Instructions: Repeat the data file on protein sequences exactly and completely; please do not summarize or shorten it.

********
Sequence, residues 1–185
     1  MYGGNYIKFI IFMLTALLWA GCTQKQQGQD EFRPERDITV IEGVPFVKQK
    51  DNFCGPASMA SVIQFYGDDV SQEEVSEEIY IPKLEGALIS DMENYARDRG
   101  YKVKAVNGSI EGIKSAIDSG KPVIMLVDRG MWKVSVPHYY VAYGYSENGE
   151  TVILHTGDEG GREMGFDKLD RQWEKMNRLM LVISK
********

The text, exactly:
Sequence, residues 1–185
     1  MYGGNYIKFI IFMLTALLWA GCTQKQQGQD EFRPERDITV IEGVPFVKQK
    51  DNFCGPASMA SVIQFYGDDV SQEEVSEEIY IPKLEGALIS DMENYARDRG
   101  YKVKAVNGSI EGIKSAIDSG KPVIMLVDRG MWKVSVPHYY VAYGYSENGE
   151  TVILHTGDEG GREMGFDKLD RQWEKMNRLM LVISK